Over the past 14 years, Mock has earned a number of accomplishments, including winning the NFL Mascot of the Year in 2016 and 2019. In addition, Blue was scheduled to be inducted into the Hall of Fame in June of this year. Nevertheless, Mock maintains that it’s not these accolades that mean the most to him. In fact, he recalls how years ago, he was always chasing a thrill that seemed to elude him.
“I loved interacting with fans and throwing footballs from the upper deck and all of that, but after the game was over, I’d feel empty inside,” he says. “It’s like I was creating joy but not finding true fulfillment.”
Then in 2010, a Make-a-Wish appearance changed his entire outlook on life. Karen’s wish was to have access to the Colts field so her family could play on it. She added, “If Blue could come down to the field and take a picture with us, that would be the icing on the cake!”
Mock still recalls running through the tunnel of Lucas Oil Stadium and seeing a mom, dad and twins and wondering which of the kids was Karen. He then learned Karen was the mom.
“Her one wish was to create the perfect day for her family,” says Mock, who spent two hours dancing and throwing the football with the family. “When I waved goodbye, I had the most amazing feeling wash over me, and that feeling stayed with me for weeks after.”
Several months later, while at a Colts game, a policeman told Mock that there was a woman in the stands who was begging to see him. Though he usually doesn’t venture into the stands for fear of creating pandemonium, something told him he should go. When he approached the lady, she threw her arms around him and started crying, then said, “You don’t know me, but you met my daughter Karen. I wanted you to know that she lost her battle with cancer, but Blue, I’ll never be able to thank you for what you did for my family that day.”
Mock says that, at that moment, the thousands of fans around them melted away.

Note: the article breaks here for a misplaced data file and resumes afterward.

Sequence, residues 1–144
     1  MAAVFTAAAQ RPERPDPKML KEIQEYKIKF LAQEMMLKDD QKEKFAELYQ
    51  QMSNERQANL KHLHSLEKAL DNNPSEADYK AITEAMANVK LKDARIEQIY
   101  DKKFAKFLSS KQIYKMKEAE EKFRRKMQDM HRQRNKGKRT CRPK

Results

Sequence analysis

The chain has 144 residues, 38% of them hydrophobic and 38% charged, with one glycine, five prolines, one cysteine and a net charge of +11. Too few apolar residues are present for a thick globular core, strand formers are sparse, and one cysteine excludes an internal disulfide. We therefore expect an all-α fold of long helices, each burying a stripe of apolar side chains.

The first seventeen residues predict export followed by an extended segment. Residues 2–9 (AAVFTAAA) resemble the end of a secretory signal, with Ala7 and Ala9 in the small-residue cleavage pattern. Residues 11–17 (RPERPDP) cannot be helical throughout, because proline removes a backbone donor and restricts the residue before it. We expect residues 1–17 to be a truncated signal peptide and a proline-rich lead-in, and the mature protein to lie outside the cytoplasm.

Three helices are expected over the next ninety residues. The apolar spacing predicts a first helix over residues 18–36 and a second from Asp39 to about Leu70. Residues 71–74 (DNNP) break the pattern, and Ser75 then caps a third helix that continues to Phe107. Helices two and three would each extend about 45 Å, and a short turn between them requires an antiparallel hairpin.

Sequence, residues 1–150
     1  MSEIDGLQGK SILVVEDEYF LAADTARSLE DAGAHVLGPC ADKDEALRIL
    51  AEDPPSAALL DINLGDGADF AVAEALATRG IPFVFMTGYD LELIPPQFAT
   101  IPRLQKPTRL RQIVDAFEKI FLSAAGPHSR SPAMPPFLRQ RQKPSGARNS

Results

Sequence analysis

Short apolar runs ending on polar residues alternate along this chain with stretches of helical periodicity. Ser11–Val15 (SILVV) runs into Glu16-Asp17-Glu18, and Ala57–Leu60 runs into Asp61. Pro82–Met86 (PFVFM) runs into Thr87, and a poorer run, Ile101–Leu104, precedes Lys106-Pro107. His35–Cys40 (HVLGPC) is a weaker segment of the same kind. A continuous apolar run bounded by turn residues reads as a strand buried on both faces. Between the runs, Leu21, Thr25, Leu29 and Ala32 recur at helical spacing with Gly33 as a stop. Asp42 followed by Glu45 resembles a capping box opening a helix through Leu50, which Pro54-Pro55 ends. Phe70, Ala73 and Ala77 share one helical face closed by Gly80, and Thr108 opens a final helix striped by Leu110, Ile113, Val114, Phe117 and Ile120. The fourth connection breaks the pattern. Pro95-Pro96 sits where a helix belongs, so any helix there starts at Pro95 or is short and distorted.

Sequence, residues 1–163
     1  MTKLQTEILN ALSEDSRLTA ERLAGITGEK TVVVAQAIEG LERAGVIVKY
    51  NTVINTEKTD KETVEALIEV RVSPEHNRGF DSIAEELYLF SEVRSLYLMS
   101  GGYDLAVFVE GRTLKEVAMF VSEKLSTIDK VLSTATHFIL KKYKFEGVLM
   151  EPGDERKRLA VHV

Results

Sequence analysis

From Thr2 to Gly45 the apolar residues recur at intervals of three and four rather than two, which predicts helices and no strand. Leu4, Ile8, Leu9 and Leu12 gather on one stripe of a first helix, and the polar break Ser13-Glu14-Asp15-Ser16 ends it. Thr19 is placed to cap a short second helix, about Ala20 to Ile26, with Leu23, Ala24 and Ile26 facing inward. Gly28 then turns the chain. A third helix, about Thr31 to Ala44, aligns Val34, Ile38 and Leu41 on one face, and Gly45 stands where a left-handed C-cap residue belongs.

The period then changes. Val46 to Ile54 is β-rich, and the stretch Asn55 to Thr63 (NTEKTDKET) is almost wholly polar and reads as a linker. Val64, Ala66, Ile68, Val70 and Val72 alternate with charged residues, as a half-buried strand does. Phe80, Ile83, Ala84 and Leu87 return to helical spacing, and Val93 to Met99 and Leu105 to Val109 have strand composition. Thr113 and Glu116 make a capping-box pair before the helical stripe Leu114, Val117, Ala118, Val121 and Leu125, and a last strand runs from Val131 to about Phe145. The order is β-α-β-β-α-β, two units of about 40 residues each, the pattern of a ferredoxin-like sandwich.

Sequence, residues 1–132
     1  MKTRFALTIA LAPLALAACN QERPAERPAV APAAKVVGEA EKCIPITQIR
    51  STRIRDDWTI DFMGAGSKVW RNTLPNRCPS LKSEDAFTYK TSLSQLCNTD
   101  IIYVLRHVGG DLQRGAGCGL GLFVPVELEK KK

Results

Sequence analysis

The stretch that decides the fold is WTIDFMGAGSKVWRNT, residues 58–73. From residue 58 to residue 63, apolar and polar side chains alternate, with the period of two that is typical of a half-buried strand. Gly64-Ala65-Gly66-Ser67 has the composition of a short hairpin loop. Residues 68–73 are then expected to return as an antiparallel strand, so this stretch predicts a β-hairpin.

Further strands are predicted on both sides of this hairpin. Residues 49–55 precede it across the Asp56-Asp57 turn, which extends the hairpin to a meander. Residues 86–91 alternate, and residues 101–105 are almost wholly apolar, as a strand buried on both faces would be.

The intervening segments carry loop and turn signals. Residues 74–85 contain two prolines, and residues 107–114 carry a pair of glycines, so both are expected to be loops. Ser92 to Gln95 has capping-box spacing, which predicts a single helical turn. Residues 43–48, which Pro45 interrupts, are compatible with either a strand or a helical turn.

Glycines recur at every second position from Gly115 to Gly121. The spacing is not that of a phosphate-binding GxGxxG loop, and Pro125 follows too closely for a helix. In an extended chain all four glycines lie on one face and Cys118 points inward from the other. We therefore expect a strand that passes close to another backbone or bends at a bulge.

“I don’t remember if we won or lost that game, but I remember the light switch that flipped in my head when I realized that my purpose in life was not to get laughs or applause from fans but to give them my time and my love,” Mock says.
He cites renowned psychologist Karl Menninger, who had stated that the best way to overcome depression is to find someone in need and do something for them.
“I get to do that every single day through a silly blue horse, and it’s not lost on me that that is a massive blessing and responsibility,” Mock says.
Mock, 39, says he’d like to continue playing Blue for as long as possible, though he admits that the wear and tear on his body is not inconsequential.
“I’ve had four surgeries due to Blue — both knees, shoulder, a staph infection in my right hand,” Mock says.
But he feels he owes so much to Blue, including his career and his wife Ali, a former Colts cheerleader. Now their family has grown to include two children: Tegan (4) and Gunnar (7).
He’s eternally grateful to represent the Colts as a goodwill ambassador.
“I love impacting other’s lives in a positive way,” Mock says. “It’s been a great life.”
Fun Facts About Blue:
- The weight of the mascot head is 5.9 lbs. (everybody guesses 10 lbs.).
- The costume is 7 ft. tall and Mock looks out of the mouth section of the head.
- The hoop inside the costume is collapsible like an accordion. The fur body goes on top of that.
- The costume can go through the washing machine (a true blessing as some mascots don’t smell very fresh!).